The Union for Reform Judaism (URJ) and the Anti-Defamation League (ADL) recently entered into a formal partnership in response to the question posed by URJ president Rabbi Rick Jacobs: “How are we going to respond to the uptick in acts of antisemitism and hate in a thoughtful, intentional, and effective way?”
On July 27, 2021, the two organizations co-hosted a webinar moderated by Barbara Weinstein (Director of the Commission on Social Action and Associate Director of the Religious Action Center), featuring Rabbi Rick Jacobs, Yolanda Savage-Narva (Director for Racial Equity, Diversity, Inclusion, URJ), Jonathan Greenblatt (CEO & National Director, ADL), and Carly Pildis (Associate Director of Community Engagement, ADL). You can watch the video of the webinar below and learn more about the URJ's partnership with ADL.
While most Jewish Americans were still sleeping on October 27th, 2018, I was at Kibbutz Tzuba in the Judean Hills leading Shabbat services with a wonderful group of Reform Jewish teens. During our Torah study session, one of the 16-year-olds, who was spending a semester studying at the URJ Heller High, asked me if I had experienced antisemitism recently. I couldn’t have imagined an American teen asking me this question 25 years ago. I answered his question and then turned it around by asking the group of 75, “How many of you have personally experienced antisemitism in the past year?” I was shocked to see two-thirds of them with hands raised.
That Shabbat discussion took place seven hours before the deadly attack on the Tree of Life Synagogue in Pittsburgh. On my way to Ben Gurion airport for my return to the US, I spoke with the ADL’s CEO Jonathan Greenblatt. Like all Jews, we were shaken by this violent antisemitic attack. We discussed the need for a deeper alliance between our two organizations to strengthen the Jewish communal response to the rising tide of acts of antisemitism in the US.
The URJ and ADL have since established a formal partnership and already have in place a digital incident report mechanism that allows those impacted by antisemitic incidents or acts of hate to document their experiences. The incident reports are then evaluated by ADL and URJ to determine the best and most appropriate way to assist. The reports also will be evaluated for inclusion in ADL's annual audit of antisemitic incidents.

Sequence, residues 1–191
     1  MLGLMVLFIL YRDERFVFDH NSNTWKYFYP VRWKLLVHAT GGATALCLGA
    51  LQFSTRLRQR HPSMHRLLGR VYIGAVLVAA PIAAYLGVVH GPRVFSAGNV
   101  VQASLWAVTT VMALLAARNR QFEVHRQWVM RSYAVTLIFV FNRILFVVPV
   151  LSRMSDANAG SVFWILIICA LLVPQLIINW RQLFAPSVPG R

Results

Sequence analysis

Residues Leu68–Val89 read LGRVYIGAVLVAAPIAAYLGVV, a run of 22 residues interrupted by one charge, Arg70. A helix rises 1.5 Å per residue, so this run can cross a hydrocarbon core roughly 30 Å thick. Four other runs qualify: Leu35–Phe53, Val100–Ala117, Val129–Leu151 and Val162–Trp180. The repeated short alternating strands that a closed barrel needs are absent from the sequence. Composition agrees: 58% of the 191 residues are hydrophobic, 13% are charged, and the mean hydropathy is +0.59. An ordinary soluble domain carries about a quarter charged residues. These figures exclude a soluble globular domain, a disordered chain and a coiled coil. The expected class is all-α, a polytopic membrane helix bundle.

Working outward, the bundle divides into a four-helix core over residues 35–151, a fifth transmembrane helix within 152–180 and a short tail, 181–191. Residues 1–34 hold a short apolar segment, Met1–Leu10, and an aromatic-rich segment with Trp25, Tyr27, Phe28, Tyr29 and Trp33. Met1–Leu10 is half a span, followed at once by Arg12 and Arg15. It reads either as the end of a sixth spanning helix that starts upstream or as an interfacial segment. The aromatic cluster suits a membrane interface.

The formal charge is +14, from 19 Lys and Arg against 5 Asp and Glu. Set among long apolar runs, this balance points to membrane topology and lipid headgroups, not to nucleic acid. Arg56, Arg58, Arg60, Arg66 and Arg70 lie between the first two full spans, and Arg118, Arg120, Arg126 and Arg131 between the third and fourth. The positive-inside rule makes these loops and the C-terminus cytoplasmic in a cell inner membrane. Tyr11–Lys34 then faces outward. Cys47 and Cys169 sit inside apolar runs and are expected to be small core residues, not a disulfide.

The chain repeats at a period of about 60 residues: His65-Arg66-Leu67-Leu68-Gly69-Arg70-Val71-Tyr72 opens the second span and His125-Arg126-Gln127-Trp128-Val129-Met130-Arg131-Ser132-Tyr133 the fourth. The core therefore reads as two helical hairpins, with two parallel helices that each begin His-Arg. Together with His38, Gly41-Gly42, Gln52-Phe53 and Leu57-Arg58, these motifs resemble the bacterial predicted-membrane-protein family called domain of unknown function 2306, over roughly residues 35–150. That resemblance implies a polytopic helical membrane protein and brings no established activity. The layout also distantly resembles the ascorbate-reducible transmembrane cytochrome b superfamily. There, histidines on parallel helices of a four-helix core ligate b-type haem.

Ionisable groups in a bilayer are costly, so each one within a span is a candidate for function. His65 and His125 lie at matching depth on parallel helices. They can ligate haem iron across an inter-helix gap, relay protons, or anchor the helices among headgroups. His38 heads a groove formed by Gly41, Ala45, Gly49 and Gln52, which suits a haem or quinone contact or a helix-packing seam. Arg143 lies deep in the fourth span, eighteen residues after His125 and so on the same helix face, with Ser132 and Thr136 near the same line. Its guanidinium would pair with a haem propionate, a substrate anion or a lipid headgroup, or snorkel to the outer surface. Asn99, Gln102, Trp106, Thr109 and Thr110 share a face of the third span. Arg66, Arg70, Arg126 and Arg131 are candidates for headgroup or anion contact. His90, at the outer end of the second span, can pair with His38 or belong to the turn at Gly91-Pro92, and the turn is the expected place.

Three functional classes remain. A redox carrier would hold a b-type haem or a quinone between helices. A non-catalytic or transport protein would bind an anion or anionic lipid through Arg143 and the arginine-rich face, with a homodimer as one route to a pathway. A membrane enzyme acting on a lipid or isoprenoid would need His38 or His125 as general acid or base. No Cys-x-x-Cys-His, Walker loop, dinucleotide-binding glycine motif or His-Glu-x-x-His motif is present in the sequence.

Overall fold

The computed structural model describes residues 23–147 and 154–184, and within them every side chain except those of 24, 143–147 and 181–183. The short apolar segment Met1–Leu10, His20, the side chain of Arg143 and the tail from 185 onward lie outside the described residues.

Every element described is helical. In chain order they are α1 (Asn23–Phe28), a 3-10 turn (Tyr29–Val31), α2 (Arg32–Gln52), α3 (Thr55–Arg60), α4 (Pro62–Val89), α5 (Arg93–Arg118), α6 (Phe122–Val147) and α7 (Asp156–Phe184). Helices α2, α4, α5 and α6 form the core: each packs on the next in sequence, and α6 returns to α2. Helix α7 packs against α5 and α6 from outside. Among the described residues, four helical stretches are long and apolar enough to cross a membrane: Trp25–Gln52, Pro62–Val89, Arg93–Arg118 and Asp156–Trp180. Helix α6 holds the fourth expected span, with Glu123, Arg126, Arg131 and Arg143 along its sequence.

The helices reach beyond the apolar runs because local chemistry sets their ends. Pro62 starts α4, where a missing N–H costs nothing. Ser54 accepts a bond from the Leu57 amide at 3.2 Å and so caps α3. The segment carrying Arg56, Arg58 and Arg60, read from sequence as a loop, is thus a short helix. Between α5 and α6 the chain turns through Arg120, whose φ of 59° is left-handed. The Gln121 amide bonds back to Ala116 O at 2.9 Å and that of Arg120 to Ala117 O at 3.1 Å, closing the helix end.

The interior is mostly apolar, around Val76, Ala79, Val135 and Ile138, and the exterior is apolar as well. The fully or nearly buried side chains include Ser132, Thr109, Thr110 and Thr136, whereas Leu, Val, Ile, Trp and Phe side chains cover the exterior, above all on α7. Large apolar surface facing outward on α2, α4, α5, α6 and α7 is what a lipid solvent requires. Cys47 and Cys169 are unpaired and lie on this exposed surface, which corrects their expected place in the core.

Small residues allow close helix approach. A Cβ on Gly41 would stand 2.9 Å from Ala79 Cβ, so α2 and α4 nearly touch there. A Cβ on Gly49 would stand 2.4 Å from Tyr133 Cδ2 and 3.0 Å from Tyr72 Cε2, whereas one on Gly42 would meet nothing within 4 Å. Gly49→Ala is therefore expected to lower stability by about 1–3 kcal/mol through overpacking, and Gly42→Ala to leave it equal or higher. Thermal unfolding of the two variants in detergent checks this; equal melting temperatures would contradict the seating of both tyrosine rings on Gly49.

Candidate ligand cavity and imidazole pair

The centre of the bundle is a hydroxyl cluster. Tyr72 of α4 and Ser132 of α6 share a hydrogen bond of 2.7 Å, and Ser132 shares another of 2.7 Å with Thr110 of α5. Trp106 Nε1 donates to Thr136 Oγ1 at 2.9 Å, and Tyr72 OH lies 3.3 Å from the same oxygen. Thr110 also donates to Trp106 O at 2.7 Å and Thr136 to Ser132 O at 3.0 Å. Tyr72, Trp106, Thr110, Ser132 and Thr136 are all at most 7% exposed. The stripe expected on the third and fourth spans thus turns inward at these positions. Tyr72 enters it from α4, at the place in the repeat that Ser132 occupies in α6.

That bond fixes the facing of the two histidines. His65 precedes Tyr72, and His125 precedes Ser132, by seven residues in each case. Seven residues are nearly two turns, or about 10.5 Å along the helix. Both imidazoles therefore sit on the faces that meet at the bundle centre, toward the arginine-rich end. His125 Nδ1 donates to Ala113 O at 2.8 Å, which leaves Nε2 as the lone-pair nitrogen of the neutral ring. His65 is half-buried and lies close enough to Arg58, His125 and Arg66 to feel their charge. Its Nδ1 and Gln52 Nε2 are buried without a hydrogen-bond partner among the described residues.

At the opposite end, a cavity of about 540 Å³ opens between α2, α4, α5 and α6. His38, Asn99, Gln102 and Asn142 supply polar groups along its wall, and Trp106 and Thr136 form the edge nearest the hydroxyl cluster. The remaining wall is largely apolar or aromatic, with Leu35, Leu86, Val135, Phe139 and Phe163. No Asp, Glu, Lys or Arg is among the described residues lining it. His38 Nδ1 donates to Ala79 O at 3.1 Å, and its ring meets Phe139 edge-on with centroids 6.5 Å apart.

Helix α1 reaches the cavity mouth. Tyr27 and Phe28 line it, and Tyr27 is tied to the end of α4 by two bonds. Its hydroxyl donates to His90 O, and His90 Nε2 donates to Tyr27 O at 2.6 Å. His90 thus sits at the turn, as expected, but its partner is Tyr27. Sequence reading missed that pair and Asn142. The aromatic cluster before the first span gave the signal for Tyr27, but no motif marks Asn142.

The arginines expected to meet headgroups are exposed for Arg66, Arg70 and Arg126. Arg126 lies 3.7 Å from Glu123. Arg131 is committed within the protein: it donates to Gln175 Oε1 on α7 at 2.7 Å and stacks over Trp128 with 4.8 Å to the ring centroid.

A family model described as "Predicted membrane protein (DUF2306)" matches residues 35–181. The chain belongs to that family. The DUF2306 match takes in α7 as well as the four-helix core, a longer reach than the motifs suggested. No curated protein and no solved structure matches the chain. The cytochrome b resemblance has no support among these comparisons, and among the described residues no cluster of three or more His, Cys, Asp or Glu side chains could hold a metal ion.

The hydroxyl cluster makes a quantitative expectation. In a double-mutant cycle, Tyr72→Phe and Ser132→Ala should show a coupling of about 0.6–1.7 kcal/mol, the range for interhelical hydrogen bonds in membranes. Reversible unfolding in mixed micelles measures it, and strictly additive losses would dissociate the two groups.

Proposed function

In addition, we have just launched a substantial online and print resource that provides congregations and individuals with the tools needed to effectively respond to acts of antisemitism. On the youth front, we are planning in mid-fall to launch a new level of partnership between ADL and URJ to educate our teens on the best ways to stand up to antisemitism and hate in their communities, especially online. In the areas of activism and advocacy, we are in conversation about enhancing cooperation and coordination between our Religious Action Center (RAC) and ADL’s Government Affairs Committee.
Some cases are just so unbelievably clear that everyone agrees, like people carrying tiki torches in Charlottesville and chanting, “The Jews will not replace us.” You can’t miss the message of someone wearing their “Camp Auschwitz” t-shirt to a rally. Sometimes it comes out in the form of demonizing the State of Israel, which is entirely different from criticizing a policy or action by the Jewish State.
There is a huge and ancient reservoir of anti-Jewish hate that our enemies can tap into. Just think of the theological antisemitism built on the false notion that Jews are responsible for deicide, or of the pseudo-scientific racial definitions used to dehumanize us.
The Importance of Having a Working Definition of Antisemitism